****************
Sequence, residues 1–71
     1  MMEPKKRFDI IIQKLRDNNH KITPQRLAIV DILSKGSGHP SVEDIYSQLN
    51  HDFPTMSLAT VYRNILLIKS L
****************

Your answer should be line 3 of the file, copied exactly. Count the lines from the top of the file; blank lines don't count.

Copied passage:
    51  HDFPTMSLAT VYRNILLIKS L